FINANCE (AWG-LCA): Parties considered revised text on long-term finance, including an annexed indicative schedule of activities on sources of long-term financing. Proposals were made for streamlining the text, with several parties cautioning against going backwards on what was agreed in Cancun. On capitalization of the GCF, some parties emphasized the need to clarify what was pledged in terms of long-term financing. Others said issues relating to the GCF were being considered elsewhere. Parties also exchanged views on the feasibility of convening workshops on sources of long-term finance. Revised text will be prepared, incorporating inputs from parties.
SECTORAL APPROACHES (AWG-LCA): Parties considered the facilitator’s note from Panama and several other relevant documents with the aim of developing outcome text.
Some developing countries insisted that language for a general framework be developed before addressing specific sectors. On agriculture, parties considered food security, trade, and economic development and poverty eradication. Some developed countries emphasized the relevance of a SBSTA programme of work on agriculture. Parties agreed to consider a consolidated text of options for the general framework and agriculture.
On bunker fuels, divergent views were expressed on, inter alia: the scope of measures; principles and directed guidance for the work of ICAO and IMO; ambition of action; and market-based instruments. However, there was broad agreement on defining a role for ICAO and IMO to regulate GHG emissions from international aviation and maritime transport, respectively. Discussions continued into Friday evening.
REDD+ (SBSTA): In morning informal consultations, delegates addressed a revised non-paper paragraph-by-paragraph. Some developing countries highlighted the “necessity” to recognize the need for adequate and predictable financial and technology support. Another developing country said support should be for all REDD+ elements, rather than just capacity building. Delegates then addressed text on the system for providing information on safeguards and forest reference levels and/or forest emission reference levels. Delegates continued negotiations into the evening.
LOSS AND DAMAGE (SBI): On Friday morning, Chair Owen-Jones distributed a new draft text that included a new annex based on proposals by the US, AOSIS and Indonesia. Parties considered the main text and made proposals on language. Several parties welcomed the new text as a good basis for further work, but cautioned against getting too specific on sectors.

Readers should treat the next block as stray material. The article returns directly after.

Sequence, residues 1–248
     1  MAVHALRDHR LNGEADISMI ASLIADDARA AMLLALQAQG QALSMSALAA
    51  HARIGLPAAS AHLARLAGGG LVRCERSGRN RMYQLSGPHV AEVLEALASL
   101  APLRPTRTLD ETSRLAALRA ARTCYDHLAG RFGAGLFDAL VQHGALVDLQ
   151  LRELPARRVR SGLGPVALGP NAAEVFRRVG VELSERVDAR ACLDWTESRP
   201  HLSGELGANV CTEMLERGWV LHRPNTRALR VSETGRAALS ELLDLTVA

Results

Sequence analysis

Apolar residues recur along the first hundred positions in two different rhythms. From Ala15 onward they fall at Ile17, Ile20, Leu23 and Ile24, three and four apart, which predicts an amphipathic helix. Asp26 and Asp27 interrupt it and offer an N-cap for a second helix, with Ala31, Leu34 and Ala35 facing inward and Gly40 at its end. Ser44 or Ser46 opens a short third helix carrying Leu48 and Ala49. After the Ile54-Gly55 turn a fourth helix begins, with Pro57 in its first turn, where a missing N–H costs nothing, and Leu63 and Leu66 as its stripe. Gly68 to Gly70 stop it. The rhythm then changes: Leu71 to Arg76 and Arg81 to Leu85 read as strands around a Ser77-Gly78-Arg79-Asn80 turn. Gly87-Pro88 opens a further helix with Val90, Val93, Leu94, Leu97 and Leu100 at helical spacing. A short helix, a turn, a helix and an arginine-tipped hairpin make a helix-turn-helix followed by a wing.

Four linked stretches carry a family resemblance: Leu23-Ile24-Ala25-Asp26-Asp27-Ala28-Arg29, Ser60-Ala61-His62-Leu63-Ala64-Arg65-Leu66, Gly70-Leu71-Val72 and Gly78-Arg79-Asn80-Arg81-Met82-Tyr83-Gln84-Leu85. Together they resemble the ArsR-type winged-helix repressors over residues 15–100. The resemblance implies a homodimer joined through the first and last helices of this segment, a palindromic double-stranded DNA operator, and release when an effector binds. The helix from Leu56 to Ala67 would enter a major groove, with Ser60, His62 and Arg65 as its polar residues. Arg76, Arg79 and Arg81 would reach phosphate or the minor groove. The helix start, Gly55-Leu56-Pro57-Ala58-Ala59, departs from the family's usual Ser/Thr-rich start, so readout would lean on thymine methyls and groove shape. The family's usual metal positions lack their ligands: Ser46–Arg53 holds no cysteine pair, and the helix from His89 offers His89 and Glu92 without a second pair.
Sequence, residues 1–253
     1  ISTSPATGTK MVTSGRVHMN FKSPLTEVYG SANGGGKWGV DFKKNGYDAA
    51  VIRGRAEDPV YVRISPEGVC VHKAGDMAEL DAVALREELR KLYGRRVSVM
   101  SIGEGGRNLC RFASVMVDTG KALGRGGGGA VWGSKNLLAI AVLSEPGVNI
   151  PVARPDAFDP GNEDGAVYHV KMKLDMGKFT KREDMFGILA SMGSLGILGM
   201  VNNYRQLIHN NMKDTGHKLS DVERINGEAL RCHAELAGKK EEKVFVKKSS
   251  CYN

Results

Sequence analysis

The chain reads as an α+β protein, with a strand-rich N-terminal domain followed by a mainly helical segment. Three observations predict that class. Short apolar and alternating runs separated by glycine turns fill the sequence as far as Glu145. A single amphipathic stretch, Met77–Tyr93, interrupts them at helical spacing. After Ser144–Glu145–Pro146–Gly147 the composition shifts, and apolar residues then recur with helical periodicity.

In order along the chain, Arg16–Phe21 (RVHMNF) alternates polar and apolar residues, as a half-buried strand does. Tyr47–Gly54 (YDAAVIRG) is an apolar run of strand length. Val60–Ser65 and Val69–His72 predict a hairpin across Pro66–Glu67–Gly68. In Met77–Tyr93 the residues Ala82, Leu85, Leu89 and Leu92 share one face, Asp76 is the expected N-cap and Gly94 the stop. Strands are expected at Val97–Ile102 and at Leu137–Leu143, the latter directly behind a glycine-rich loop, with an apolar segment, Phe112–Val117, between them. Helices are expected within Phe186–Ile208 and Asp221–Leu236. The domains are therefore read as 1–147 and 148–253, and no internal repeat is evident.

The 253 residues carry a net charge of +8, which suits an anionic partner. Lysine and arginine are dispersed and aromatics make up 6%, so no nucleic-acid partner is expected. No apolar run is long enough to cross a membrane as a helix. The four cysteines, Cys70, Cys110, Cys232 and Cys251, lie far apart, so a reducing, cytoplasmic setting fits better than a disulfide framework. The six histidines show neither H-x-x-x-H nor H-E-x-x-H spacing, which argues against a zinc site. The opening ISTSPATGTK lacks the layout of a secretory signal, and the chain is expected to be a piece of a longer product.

On the form of the outcome, the US said she was not convinced that it should take the form of a COP decision at this stage. Bolivia, for the G-77/CHINA, supported a COP decision, as it would mark a clear path towards a stronger outcome at the next COP.
Regarding text on approaches to loss and damage, NORWAY, supported by the COOK ISLANDS, said slow onset events should be included, without mentioning sectoral specifics.
In the afternoon, delegates considered a proposal by AOSIS on an international mechanism to address loss and damage. This was supported by the LDCs, SICA and several non-Annex I parties. The US, supported by the EU, AUSTRALIA, CANADA, SWITZERLAND, NORWAY and JAPAN, said she was not in a position to work towards the establishment of an international mechanism and would like to consider a range of approaches. SWITZERLAND said options must be explored before the ambition for COP 18 is stated. KENYA stressed the need to create linkages with the GCF. Delegates will consider a revised draft text on Saturday morning.
NATIONAL ADAPTATION PLANS (SBI): Delegates discussed and revised draft text throughout the day in an informal group. A number of countries made suggestions to further streamline the text. COLOMBIA requested that a work programme be developed to broaden the natinoal adaptation plan process to include other vulnerable developing countries. NORWAY opposed this, stating that national adaptation plans should only apply to the LDCs, as mandated. The US suggested sections on: general framing for national adaptation plans; a process on enabling the LDCs to formulate and implement those plans; and inviting other developing countries to employ the modalities for the plans. On finance, Bolivia, for the G-77/CHINA, requested reference to interim and long-term financing. Bangladesh, for the LDCs, said text on providing finance, technology and capacity building should be specific to LDCs. Delegates also said that some of the text regarding the Adaptation Committee was too ambitious, and pointed out that discussions on the Committee were still ongoing. Discussions continued in the evening.
IN THE CORRIDORS
After a couple of long working days, negotiators reported mixed progress on Friday night. The SBSTA and SBI agendas appeared to be moving quite well through some key issues, while momentum on the AWG-KP and AWG-LCA packages appeared more uneven. Some delegates expressed frustration that certain issues, such as finance and shared vision, were still “filled with posturing and long-held positions.” One experienced NGO noted that with many issues still left on the table, “some negotiators don’t seem to be aware time is running out.”
At the same time, some observers felt that the defining lines of the negotiations were becoming clearer, while parties’ positions did not seem to be softening just yet. The EU was purportedly putting forward options and consulting with developed and developing countries on possible elements of an integrated outcome.
Delegates were also reflecting on the role of the South African Presidency, which continued to consult informally with delegates in a variety of settings, pushing them to go further. Some were also praising the COP President’s efforts at transparency, although at least one negotiator suggested that such openness may have its limits: “At some point we will need to go into small negotiating groups if we’re to make this package happen. The challenge will be doing this while also maintaining some level of openness and transparency,” she said.